Psychologists have categorised social fear as an abnormal personality trait, an avoidant personality disorder or a phobia. Psychological distinctions are not crucial to this book, but we need to know why so many people harbour this particular fear. It is strange that researchers still argue about the origins of social fear. Some, for example attribute it to biological or genetic vulnerabilities. Professor Martin Antony, for example, makes the case that genetics may play a part in social anxiety. Further studies now highlight some of the actual genes that contribute to social anxiety. Professor Gillian Butler and Dr Edmund Bourne outline some sources such as biological factors, temperament, environmental factors (parenting, traumatic experiences, life stage problems, and other stresses). Ray Crozier and Lynn Alden and their colleagues explore the biological factors in some detail in their book, Social Anxiety for Clinicians,but also discuss the importance of attachment as a factor in social fear. Overall, it may arise from a combination of genetic, biological and environmental, suggesting that a combination of counselling and drug therapy may be the best route to take. The drugs will deal with the genetic and the counselling with the effects of an insecure attachment. The appropriate drugs can only be created when we know the exact neural chemicals that are deficient.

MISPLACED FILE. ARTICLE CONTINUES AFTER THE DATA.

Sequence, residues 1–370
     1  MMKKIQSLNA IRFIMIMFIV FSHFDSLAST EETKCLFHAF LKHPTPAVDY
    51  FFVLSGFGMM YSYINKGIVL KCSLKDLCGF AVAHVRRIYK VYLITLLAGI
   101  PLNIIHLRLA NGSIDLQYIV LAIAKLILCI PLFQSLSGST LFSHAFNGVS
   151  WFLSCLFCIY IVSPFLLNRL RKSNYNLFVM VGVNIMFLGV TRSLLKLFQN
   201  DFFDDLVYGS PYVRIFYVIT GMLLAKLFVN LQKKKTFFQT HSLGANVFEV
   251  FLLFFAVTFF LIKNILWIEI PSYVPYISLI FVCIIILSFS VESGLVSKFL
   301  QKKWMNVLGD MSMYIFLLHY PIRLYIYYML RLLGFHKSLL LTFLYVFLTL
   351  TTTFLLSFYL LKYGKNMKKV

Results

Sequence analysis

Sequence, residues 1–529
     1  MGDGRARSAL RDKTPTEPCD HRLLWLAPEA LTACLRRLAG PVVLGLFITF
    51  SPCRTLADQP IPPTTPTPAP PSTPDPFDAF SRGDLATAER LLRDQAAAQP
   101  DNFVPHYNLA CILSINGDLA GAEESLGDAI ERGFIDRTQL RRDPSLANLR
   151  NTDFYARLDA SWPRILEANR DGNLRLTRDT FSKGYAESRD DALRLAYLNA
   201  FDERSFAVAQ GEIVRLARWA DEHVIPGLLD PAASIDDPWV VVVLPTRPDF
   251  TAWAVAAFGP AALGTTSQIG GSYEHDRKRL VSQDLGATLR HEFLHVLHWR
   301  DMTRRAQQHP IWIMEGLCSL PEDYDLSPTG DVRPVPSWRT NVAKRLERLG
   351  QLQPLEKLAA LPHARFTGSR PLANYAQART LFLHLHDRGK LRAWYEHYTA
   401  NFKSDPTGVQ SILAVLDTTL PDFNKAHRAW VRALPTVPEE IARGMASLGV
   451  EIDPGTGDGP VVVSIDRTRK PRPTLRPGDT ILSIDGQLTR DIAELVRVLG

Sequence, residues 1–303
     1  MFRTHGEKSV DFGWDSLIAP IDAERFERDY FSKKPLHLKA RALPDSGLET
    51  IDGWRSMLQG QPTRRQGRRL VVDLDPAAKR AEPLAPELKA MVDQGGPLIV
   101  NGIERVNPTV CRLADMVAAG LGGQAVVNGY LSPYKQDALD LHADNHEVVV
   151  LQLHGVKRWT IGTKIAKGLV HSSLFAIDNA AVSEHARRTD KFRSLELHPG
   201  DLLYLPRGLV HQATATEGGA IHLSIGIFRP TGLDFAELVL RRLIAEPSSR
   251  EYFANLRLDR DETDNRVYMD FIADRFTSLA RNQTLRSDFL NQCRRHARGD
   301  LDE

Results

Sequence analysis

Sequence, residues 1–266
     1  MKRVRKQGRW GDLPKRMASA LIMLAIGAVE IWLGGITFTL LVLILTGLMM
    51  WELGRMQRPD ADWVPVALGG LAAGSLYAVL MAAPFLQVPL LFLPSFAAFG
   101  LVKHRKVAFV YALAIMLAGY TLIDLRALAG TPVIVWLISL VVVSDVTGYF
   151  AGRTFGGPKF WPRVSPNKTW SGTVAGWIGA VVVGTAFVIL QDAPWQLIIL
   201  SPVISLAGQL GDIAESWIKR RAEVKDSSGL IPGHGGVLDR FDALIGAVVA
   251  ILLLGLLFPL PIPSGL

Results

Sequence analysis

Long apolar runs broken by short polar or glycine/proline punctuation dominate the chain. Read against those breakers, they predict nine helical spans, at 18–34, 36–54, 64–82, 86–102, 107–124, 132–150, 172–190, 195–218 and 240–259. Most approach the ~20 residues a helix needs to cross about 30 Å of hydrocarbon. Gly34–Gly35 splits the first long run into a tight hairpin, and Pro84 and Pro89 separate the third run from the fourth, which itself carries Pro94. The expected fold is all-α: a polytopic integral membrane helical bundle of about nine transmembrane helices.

Extract from my recent book – Understanding and Healing the Hurts of Childhood.
THERAPISTS IN TIPPERARY
PSYCHOTHERAPISTS IN TIPPERARY
DEATH OF A CHILD
ABUSE AND DOMESTIC VIOLENCE
I am the author of six books
When a Child Dies. Footsteps of a Grieving Family
Abuse. Domestic Violence, Workplace and School Bullying
Understanding and Healing the Hurts of Childhood.
I’ll Meet You at the Roundy O
Priest, Politics and Society in Post Famine Ireland 1850-1891
Prince of Swindlers. John Sadleir MP 1813-1856
I am currently writing a major work on DID (Multiple Personality Disorder)